How to Teach Children to Overcome Challenges

Teaching a child to overcome challenges doesn't imply putting pressure on them but, rather, giving them the tools to achieve their autonomy.
How to Teach Children to Overcome Challenges

Last update: 03 October, 2021

As a mom, you’re probably wondering how to teach your children to overcome challenges of daily life, especially when you notice that they get frustrated, cry, or get upset in the face of difficulties.

So, what should you do in these cases? Here are some activities that will help you educate your child on this topic and make them feel happier while learning.

Teaching kids to overcome challenges: Daily life decisions and self-esteem

Every day, we’re used to making decisions to carry out our activities. Have you ever wondered what happens to children when they’re unable to make their own decisions regarding the activities they do or don’t want to carry out? Most likely, they’ll become frustrated and, in the long run, their self-esteem will deteriorate.

For this reason, it’s key to promote this aspect, and a good way to do it is to show your children that they’re capable of choosing for themselves and achieving what they set out to do. It’s best to start with small and ageappropriate choices, such as the ones we suggest below:

  • From 2 to 3 years old, you can give little ones the choice of which toy they want to play with.
  • If they’re 4 or 5 years old, you can allow them to choose when clothes they want to wear or what food they want to eat.

The most important thing in this exercise is that you ask them to explain why they make the choices they do and reinforce their opinion. By feeling that you value their will and respect them, their self-esteem is will also grow stronger.

According to the Royal Spanish Academy, self-esteem is the value that one has of himself. Therefore, if the child is confident in their abilities, they’re better prepared to overcome the challenges of everyday life.

I can: Confidence and autonomy

A father and mother preparing food with their son.

When your child says “I can” you should trust them in order to promote the development of self-confidence. Knowing that you can do things on your own helps you become more autonomous every day.

You can suggest simple actions, such as setting the silverware on the table at lunchtime or helping to prepare a salad, depending on the age. Also, you can take advantage of bath time to ask them to do a task that shows them that they’re already capable of doing things alone or with minimal supervision.

These small decisions build children’s great wills and boost their confidence. So, they progress in their autonomy and acquire new tools to overcome challenges.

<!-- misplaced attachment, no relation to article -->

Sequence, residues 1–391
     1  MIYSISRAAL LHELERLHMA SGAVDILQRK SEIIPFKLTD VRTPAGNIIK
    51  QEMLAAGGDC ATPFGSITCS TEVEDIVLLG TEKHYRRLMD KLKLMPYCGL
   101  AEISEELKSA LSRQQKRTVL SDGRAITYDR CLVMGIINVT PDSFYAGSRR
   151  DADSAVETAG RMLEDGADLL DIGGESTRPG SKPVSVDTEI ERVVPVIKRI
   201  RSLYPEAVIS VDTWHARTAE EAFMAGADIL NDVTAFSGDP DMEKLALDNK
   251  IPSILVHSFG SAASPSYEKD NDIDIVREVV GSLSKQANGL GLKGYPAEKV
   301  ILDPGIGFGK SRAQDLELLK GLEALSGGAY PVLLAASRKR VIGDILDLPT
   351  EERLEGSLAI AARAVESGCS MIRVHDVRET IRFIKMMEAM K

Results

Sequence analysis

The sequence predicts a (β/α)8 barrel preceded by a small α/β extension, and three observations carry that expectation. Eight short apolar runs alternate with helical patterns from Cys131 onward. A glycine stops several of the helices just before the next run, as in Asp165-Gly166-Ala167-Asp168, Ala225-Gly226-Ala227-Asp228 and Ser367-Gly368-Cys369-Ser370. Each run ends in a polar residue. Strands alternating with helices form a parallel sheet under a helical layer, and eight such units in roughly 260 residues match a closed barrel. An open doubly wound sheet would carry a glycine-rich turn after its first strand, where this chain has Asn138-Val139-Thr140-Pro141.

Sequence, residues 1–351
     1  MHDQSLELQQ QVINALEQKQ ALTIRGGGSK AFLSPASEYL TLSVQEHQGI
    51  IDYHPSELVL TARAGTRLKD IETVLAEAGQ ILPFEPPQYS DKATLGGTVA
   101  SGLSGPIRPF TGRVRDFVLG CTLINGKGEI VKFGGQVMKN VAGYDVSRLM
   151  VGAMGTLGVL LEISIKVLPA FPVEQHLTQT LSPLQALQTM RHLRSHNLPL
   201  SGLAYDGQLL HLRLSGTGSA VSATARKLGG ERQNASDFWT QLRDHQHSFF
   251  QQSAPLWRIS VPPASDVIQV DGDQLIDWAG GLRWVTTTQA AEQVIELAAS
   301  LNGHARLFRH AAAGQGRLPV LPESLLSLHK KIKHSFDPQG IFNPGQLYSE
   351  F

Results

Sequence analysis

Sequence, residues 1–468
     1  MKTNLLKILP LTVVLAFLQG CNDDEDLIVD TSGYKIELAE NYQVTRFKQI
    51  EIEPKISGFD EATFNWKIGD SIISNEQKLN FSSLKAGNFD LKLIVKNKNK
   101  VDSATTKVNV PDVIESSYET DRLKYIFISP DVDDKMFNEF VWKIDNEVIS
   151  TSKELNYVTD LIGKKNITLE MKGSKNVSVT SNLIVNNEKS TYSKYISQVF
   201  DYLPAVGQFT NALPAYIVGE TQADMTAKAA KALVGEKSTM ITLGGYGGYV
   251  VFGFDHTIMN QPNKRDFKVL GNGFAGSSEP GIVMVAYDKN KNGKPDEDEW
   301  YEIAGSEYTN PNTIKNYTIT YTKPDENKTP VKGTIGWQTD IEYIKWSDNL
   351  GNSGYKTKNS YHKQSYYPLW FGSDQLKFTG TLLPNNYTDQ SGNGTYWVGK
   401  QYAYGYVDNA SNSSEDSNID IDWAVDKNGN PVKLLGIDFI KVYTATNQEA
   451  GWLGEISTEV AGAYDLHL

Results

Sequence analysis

This is the way I am: These are my virtues

As soon as you allow your child to demonstrate their talents and virtues, they’ll be able to recognize them too. For this reason, involve them in important matters in their life, such as decorating their room, choosing how to greet their family, or deciding which story to read before bed.

Through these actions, you’ll also be able to recognize their style, their favorite colors or characters, and the way in which they want to relate to others.

It’s also important to tell your child that you love him as they are, with all their talents and virtues. And these things don’t them any better or worse than anyone else, but they do make them unique and special.

Feeling loved just the way they are will help them better manage their emotions and get to know themselves, which is a key factor in being able to overcome challenges.

Dopamine, the motivational neurotransmitter

Dopamine is a neurotransmitter that’s released in the brain when you feel pleasure and, therefore, is involved in motivation. At the same time, it increases the feeling of well-being and encourages learning.

When we adults encourage children to live experiences marked by novelty or pleasure, we cause their brains to release this substance and motivate them to go for more.

If we present the responsibilities of daily life through play, we capture the child’s attention much better and awaken their desire to participate. In addition, we make this new learning more meaningful for them, and their brain registers it along with pleasant emotions.

So, we also collaborate with the development of the child’s emotional and social brain so that they become aware of their actions from a young age. This will help them to control their own behavior, that is, to achieve self-regulation.

Young children playing with tangrams.

Overcoming challenges in childhood

With these suggestions, you can start to teach your child to overcome challenges on their own.

Any person, no matter how small, who is self-confident and has sufficient self-esteem and autonomy, will be ready to face adversity.

If the child reaches their goals, they’ll be happy. But if they don’t, they won’t be affected, and they’ll be satisfied that they tried. And they’ll probably try harder next time!

When a person’s able to know themself, they can improve or enhance their abilities as well as resolve the conflicts that arise.

Trust your children and promote experiences to teach them to overcome challenges.

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